“There is no way in hell you will lose on this investment.”
That was the pitch line that led to a senior investing $20,000 in a private company that turned out to be a ponzi scheme, bilking investors of more than $1.2 million.
“It’s an old saying, but if it sounds too good to be true, it probably is,” said Malki Haer, a senior compliance officer for the B.C. Securities Commission, during his presentation about fraud preventio at the 9th annual Seniors’ Safety Fair held last Wednesday at Trinity Baptist Church in Kelowna.
Haer offered some advice for seniors to avoid falling into a fraud investment scheme, noting that once the initial investment cheque is cashed, if the scheme turns out to be fraudulent, the chances of getting your money back are slim and none.
“Sometimes it happens where money is recovered, but generally once they get your cheque, you are out of luck,” Haer said.
Haer said many British Columbians, young and old, have lost their life savings to risky or dangerous investments because they didn’t understand the risks, ask the right questions, do some research or get a second opinion on the investment opportunity presented to them.
“Sometimes the best investment you make is the one you don’t make,” he said.
He told his seniors audience the reasons why anyone gets taken are as old as the day fraud was invented.
Sometimes it’s just a matter of seeing your friends all driving Mercedes, while you have a Honda, he said.
“You want to drive the Mercedes like everyone else, and someone comes along pitching an investment idea that sounds so convincing you can’t say no,” he said.
Another common entry point for scam artists is throughout the church, where church members are encouraged to invest in a can’t-miss scheme, only to end up being ripped off.
“We call that affinity fraud, and the impact of it can be devastating. It breaks up friendships, can lead to divorce and places financial hardships on those affected,” Haer said. “It can rip apart a community.”
He said the impact of a ponzi scheme was illustrated by the Bernie Madoff scandal in the U.S., where a New York investor swindled people out of millions in an elaborate scheme that took years to finally unravel.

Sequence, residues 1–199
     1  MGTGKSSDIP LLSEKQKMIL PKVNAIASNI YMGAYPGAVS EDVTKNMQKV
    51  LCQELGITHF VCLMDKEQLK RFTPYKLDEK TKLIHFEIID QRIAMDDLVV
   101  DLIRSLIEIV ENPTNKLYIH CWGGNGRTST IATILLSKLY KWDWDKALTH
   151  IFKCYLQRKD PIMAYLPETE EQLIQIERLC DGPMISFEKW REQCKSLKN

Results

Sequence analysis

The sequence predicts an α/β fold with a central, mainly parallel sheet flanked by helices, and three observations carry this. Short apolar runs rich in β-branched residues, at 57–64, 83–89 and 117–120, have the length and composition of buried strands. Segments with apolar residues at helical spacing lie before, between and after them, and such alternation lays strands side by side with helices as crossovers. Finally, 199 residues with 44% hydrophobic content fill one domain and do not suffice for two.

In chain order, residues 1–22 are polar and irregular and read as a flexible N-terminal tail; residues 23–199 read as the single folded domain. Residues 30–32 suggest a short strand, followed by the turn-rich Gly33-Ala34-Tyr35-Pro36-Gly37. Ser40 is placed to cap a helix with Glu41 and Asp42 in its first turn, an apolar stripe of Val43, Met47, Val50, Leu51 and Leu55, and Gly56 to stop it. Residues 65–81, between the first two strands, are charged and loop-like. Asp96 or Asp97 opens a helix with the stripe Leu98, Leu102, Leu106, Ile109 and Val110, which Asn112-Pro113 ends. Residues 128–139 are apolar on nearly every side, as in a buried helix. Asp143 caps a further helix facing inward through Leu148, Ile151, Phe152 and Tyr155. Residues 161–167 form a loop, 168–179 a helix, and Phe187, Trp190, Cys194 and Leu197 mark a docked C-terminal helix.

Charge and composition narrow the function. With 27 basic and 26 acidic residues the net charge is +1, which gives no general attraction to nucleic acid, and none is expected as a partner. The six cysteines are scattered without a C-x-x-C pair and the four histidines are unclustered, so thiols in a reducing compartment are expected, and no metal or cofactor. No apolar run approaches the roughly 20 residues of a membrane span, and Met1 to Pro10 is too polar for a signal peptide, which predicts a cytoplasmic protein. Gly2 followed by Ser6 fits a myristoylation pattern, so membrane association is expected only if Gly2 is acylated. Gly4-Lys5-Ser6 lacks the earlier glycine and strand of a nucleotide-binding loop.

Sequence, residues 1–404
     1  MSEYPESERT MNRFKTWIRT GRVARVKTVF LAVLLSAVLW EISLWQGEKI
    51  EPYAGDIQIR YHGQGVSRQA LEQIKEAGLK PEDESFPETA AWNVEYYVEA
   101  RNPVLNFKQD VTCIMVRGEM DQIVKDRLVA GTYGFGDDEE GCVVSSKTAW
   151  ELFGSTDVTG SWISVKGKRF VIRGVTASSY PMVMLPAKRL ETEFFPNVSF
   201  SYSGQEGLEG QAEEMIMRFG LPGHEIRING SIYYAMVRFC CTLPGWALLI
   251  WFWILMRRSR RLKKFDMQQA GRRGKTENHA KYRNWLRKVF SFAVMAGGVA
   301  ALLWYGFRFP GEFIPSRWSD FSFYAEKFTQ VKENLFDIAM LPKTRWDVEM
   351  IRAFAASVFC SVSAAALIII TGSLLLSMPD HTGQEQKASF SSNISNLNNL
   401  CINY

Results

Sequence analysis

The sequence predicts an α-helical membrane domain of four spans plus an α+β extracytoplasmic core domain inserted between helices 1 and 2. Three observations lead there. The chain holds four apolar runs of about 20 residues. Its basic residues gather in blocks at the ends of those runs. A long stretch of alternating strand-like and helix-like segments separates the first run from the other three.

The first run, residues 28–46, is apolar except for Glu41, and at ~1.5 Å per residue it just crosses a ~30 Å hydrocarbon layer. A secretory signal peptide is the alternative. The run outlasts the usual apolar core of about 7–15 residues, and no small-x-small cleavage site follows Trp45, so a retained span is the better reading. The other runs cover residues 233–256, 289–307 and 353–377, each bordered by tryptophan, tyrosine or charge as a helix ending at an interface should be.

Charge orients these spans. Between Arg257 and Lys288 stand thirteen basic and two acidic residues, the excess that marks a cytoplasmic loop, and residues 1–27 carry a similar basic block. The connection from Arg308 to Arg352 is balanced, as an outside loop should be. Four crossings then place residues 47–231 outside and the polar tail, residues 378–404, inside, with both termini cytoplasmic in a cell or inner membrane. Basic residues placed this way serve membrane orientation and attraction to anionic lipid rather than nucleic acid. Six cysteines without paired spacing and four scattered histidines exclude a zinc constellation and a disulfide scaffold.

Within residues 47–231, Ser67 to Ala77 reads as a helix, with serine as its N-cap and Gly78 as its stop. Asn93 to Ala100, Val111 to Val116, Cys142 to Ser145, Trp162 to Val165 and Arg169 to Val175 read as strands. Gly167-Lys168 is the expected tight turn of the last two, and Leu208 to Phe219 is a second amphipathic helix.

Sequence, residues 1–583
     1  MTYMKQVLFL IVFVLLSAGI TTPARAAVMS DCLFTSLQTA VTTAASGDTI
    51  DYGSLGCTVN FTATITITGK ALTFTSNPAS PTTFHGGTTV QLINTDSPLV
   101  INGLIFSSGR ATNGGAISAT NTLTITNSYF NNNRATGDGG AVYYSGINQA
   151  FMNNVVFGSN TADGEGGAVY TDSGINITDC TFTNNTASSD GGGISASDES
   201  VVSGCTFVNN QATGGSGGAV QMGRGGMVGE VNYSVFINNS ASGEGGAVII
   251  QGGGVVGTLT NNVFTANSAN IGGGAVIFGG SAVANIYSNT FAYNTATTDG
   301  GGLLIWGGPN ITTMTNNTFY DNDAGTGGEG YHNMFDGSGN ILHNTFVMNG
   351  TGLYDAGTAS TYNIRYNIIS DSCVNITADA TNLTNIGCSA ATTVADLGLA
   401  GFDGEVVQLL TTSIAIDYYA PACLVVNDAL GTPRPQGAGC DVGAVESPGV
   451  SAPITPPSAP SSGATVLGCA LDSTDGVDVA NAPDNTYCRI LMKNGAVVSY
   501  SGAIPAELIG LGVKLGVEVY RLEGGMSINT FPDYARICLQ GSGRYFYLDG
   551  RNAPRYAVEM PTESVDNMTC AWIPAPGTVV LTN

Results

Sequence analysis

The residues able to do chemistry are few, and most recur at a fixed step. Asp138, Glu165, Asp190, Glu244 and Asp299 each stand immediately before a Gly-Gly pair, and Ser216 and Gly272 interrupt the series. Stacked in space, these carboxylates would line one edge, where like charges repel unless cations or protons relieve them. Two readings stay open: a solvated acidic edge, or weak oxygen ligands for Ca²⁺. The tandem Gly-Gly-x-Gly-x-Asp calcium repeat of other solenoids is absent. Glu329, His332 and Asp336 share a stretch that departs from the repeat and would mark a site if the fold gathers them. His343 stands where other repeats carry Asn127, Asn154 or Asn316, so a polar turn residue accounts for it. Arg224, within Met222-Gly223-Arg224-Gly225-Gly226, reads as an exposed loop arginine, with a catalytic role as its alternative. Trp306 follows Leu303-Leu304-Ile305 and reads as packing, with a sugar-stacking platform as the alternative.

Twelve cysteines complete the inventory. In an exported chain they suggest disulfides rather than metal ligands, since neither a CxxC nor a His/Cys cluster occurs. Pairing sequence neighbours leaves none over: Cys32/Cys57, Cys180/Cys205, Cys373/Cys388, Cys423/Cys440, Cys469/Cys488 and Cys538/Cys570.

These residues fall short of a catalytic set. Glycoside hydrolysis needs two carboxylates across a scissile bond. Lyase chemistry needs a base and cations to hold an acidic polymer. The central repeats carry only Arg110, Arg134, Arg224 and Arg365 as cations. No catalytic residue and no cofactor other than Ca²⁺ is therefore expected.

“The Enron case is a good example of people getting sucked in by the hype. Enron was originally a small pipeline company that over time became worth billions on paper, but nobody really understood clearly what the company did to generate that value and it was a very complex financial situation to understand,” he said.
“Eventually it went bankrupt and people couldn’t understand why. If an investment is too complicated for you to understand, the best thing you can do is step away.”
Haer told his audience the three key “knows” in avoiding being caught up in a fraud scam are to know yourself and what you are comfortable with in terms of taking risk on an investment, know your financial advisor and know about your potential investment.
“If someone is promoting an investment opportunity to you as a low risk, high return, not tax potential, those are all lies,” Haer said.
“Another is off-shore investments that are tax free. Off-shore means nothing, other than if it is a scam, it will be harder to get your money back.”
Haer said the Internet is a valuable tool of information for doing research on a company seeking investors or a financial advisor or investment promoter trying to get your money.
“I’m not here to scare you away from making investments, just be aware of the fraud scam potential that’s out there, to do your homework, and don’t be afraid to contact the securities commission for information as well,” he said.
Haer said the B.C. Securities Commission’s role is to regulate securities trading in the province. The commission ensures that people who trade securities comply with the Securities Act.
If an individual or company violates the Act, the commission can take enforcement action against them through fines or other disciplinary actions.
“We do not put criminals in jail, that falls under the auspices of Crown counsel to pursue legal charges, and we do not approve investments or undo investment transactions.”
The other major presentation at the seniors’ fair was on the topic of representation agreements, power of attorney and estate planning, led by local lawyer Aaron Dow, with Farris Vaughan Wills Murphy LLP, and financial investor John Woodfield, with the Raymond James firm.